On another note its always annoyed me that newscasters in Orlando refer to Orlando International Airport as OIA.

That bothers me too. I guess they imitate newscasters from Miami even though they shouldn't.

[Edited 2010-01-07 06:02:26]

User currently offlinePhilhyde From United States of America, joined exactly 11 years ago today! , 678 posts, RR: 1
Reply 4, posted (4 years 7 months 2 weeks 2 days 11 hours ago) and read 17546 times:



Quoting CODCA09 (Reply 2):
On another note its always annoyed me that newscasters in Orlando refer to Orlando International Airport as OIA. The airport code is MCO people

On the other hand, what's necessarily wrong with abbreviating Orlando International Airport? Do a Google search for "Orlando OIA" and there is a strong precedent, at least in the media. MCO is an aviation (IATA) code, not a journalism one.



HoustonSpotters Admin - Canon junkie - Aviation Nut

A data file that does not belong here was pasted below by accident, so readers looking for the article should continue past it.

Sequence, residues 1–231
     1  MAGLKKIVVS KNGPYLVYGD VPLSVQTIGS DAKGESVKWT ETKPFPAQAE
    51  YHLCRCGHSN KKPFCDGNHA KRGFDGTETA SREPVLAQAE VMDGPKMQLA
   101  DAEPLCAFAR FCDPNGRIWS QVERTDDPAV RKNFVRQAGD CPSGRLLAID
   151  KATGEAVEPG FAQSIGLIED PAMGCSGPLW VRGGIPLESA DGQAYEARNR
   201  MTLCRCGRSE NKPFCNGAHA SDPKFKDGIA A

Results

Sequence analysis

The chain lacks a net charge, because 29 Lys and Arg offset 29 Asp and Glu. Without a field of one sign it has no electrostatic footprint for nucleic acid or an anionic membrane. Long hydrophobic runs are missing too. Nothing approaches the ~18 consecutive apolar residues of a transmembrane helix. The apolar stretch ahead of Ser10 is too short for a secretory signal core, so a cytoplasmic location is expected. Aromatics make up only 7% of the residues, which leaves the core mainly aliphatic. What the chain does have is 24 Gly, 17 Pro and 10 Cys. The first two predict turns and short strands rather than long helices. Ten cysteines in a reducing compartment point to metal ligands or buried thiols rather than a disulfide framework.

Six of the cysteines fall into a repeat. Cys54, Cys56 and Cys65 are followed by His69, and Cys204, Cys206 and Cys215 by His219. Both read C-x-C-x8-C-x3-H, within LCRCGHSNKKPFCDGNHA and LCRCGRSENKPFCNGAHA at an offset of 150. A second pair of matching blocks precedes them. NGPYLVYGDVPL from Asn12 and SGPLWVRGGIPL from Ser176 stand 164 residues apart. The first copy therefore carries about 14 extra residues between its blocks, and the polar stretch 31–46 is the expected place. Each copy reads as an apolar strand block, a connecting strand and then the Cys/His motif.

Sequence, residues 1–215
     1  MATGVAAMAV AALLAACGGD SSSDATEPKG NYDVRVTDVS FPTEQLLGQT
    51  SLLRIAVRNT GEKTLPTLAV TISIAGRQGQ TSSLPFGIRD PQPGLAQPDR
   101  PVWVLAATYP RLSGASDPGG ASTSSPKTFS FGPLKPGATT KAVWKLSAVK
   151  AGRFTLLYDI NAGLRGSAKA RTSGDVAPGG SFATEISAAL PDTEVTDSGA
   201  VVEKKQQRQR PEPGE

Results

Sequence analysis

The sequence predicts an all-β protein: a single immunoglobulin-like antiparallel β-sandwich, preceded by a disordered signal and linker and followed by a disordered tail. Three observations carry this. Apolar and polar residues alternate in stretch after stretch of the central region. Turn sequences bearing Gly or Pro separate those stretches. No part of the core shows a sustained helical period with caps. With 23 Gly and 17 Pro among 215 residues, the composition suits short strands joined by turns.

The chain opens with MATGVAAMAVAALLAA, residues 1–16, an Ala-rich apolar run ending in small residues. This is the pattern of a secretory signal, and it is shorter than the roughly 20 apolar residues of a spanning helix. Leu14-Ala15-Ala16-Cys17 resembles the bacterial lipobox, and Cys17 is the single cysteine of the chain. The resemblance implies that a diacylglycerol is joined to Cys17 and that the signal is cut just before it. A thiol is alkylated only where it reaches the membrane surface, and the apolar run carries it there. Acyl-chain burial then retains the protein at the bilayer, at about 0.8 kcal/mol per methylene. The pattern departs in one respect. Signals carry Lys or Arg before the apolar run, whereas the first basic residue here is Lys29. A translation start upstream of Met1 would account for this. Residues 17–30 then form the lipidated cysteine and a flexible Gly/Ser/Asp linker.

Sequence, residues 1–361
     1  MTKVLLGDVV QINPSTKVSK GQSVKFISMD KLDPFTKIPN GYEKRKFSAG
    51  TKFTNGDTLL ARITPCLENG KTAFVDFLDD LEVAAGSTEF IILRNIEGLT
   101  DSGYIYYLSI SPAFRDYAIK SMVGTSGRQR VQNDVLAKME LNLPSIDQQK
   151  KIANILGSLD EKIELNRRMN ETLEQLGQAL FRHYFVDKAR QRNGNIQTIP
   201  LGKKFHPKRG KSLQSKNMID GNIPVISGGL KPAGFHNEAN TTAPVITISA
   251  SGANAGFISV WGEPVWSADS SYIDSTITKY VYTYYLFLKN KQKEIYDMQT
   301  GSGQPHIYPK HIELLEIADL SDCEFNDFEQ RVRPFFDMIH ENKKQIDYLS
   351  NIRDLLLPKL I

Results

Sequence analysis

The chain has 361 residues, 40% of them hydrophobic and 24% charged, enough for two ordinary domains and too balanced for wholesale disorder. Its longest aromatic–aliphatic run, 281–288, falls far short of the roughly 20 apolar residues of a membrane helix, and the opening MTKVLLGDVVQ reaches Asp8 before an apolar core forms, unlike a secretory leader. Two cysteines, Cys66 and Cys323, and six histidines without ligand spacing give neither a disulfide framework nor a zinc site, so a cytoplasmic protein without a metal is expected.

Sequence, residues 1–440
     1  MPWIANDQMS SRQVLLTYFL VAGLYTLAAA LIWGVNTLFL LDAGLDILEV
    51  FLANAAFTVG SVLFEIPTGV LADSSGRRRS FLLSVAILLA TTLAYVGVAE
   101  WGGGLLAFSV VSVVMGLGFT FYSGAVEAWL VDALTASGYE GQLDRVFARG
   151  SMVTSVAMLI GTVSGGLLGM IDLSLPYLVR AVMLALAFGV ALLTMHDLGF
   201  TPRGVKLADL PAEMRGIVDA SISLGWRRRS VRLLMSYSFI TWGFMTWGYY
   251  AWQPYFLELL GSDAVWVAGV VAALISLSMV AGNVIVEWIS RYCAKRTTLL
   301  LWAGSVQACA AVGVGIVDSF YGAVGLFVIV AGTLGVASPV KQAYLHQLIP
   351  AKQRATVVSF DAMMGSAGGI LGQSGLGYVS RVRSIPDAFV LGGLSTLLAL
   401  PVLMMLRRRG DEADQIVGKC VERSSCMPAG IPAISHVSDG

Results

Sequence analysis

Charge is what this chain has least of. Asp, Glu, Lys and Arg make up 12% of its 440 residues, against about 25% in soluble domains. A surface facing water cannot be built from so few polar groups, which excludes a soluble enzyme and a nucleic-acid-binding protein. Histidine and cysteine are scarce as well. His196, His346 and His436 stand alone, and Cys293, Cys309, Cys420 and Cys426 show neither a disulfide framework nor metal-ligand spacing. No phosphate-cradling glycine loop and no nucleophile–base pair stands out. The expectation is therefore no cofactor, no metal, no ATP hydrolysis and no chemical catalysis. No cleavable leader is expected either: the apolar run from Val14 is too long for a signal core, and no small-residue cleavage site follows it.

User currently offlinePeteinmiami From United States of America, joined Mar 2004, 270 posts, RR: 0
Reply 5, posted (4 years 7 months 2 weeks 2 days 11 hours ago) and read 17488 times:



Quoting C010T3 (Reply 3):
That bothers me to. I guess they imitate newscasters from Miami even though they shouldn't.

Well at least MIA, the way is often referred by the media in Miami is also the IATA code for Miami International Airport


User currently offlineRFields5421 From United States of America, joined Jul 2007, 7607 posts, RR: 32
Reply 6, posted (4 years 7 months 2 weeks 2 days 11 hours ago) and read 17451 times:



Quoting Trigged (Reply 1):
said that if he sees a snowflake, he is moving to Costa Rica.

In the Dallas area - the Canadian geese which had stopped in the ponds/ lakes near my home are moving out - heading south.